From the non-fiction shelf...
A WRITER'S PEOPLE V.S. Naipaul
Words used to describe Naipaul's work in the jacket copy of this book: "Astonishing", "rich", "extraordinary", "compassionate", "rich", elegant", "gentleness", "humour".
Words Naipaul uses to describe the work of other writers in this book: "Unwieldy", "ponderous", "overstated", "over-written", "shallow", "minor", "vain and mad".
HEAT Bill Buford
With some books, you know you’re in good hands from the beginning, and so it is here with ex-Granta editor and current New Yorker staffer Bill Buford’s account of his two-year immersion in the kitchens of the chefs he admires – primarily Mario Batali, “the most recognized chef in the city with more chefs than any other city in the world”. We’re witness to Buford’s education and humiliation in the kitchen as he learns of the intricacies of pasta; and his later stints in Italy, dealing with the dissection of pigs and cows. Memorable episodes involve his discovery of short ribs, his time at the grill station and the pitfalls of making pizza. At times, though, the sheer weight of detail becomes exhausting, as well as the mini-biographies of almost everyone Buford encounters. Yet, it’s great fun and you don’t have to be a gourmet – or a gourmand – to savour this account of the masochists, screamers and dysfunctional geniuses of food preparation.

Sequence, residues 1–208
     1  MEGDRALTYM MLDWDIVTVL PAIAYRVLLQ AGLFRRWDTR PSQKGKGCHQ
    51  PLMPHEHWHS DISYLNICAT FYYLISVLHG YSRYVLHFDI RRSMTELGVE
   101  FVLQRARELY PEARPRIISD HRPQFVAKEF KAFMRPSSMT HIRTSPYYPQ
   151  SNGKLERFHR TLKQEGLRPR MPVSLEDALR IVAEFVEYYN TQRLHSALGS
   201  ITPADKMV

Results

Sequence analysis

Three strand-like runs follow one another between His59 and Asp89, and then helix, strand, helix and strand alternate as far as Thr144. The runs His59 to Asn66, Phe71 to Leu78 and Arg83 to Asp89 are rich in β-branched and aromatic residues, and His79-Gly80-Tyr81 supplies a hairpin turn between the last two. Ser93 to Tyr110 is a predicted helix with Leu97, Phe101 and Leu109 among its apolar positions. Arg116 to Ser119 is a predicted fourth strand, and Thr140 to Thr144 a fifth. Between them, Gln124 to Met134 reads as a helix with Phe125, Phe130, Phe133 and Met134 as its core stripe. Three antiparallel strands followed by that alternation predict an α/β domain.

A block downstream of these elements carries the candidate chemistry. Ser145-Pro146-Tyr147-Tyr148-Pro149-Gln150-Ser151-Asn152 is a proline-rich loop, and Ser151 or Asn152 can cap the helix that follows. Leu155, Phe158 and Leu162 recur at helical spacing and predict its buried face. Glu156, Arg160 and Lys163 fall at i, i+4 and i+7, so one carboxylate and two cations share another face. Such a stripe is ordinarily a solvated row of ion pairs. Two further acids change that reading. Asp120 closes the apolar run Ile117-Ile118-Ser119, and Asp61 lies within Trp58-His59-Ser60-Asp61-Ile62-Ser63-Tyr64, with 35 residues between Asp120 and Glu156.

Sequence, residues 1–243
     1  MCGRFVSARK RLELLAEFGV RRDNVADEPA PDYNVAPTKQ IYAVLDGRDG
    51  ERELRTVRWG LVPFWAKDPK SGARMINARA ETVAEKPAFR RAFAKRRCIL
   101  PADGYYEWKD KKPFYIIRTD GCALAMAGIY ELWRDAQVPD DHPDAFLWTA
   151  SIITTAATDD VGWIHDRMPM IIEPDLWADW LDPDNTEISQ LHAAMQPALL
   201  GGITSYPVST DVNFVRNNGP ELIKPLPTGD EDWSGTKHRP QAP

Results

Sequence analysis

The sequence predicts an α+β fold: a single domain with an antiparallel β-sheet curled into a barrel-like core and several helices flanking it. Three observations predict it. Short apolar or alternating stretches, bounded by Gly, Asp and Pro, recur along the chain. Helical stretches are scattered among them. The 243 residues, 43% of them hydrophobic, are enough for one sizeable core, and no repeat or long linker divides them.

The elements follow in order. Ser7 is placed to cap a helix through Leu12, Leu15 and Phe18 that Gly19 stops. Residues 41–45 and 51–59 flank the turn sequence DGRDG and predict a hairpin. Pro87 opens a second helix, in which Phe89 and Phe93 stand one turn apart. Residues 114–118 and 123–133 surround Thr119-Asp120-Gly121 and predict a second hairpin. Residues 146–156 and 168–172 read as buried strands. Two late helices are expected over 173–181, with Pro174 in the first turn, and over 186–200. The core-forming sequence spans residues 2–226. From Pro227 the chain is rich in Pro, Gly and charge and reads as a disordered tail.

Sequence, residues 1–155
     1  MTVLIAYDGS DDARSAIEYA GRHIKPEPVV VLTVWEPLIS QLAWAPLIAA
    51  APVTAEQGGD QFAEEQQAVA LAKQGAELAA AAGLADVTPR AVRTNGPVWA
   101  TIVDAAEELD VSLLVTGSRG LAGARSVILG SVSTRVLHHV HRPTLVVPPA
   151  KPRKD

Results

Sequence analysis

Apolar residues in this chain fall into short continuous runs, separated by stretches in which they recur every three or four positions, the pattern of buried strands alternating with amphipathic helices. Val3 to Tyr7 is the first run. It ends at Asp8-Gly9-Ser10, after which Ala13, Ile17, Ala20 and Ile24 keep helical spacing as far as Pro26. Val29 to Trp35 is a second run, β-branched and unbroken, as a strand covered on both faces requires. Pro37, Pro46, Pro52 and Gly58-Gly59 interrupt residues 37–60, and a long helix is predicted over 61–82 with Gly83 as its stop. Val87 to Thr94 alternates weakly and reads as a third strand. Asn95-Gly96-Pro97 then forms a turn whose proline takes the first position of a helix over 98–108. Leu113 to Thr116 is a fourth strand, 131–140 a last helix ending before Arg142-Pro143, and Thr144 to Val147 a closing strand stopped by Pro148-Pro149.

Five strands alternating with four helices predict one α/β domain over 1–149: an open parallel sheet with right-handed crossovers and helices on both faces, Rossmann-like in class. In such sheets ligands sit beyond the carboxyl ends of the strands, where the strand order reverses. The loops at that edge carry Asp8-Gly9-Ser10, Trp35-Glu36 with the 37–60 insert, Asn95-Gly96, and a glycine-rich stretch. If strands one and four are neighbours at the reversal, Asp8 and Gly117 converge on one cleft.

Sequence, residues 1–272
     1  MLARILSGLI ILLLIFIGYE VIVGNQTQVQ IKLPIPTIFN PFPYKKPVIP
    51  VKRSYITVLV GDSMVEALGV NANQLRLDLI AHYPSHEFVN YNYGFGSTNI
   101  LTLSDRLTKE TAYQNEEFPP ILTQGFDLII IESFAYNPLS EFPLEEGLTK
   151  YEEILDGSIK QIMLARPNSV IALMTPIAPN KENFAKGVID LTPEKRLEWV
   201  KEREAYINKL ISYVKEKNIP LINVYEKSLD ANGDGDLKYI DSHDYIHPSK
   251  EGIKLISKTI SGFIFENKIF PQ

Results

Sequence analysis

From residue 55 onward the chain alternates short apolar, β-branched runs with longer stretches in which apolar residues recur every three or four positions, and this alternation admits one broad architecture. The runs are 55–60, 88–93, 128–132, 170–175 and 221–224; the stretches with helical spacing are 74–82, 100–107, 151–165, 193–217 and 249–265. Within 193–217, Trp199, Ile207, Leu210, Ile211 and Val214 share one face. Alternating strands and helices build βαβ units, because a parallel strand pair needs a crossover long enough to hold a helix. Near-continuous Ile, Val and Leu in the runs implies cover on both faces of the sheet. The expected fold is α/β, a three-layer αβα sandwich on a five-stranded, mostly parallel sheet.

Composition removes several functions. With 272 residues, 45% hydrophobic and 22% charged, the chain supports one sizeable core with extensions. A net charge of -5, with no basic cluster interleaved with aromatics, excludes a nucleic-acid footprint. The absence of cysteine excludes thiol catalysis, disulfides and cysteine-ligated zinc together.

ON THE ROAD TO KANDAHAR Jason Burke
Towards the end of the 1991 Gulf War, Jason Burke and a friend arrived in Iraq to fight for the Kurds. They were all of 21 – ah, the headiness of youth. Surviving skirmishes and a kidnap attempt, Burke went on to become a respected foreign correspondent and in this book, he tells tales of his experiences and encounters in the Islamic world, from Kabul to Islamabad to Baghdad to Basra and more. This is leavened by Burke’s attempts to show that Islamic fundamentalism has complex causes and comes in more guises than can be explained by a simple demonizing of al-Qaeda’s leadership. His keen reportorial sensibility is mediated by analytic ability, such as when he scrutinises the many public images of Saddam Hussain and points out what they mean. Well-written, engaging and more than occasionally enlightening, though clearly falling between the two stools of memoir and polemic.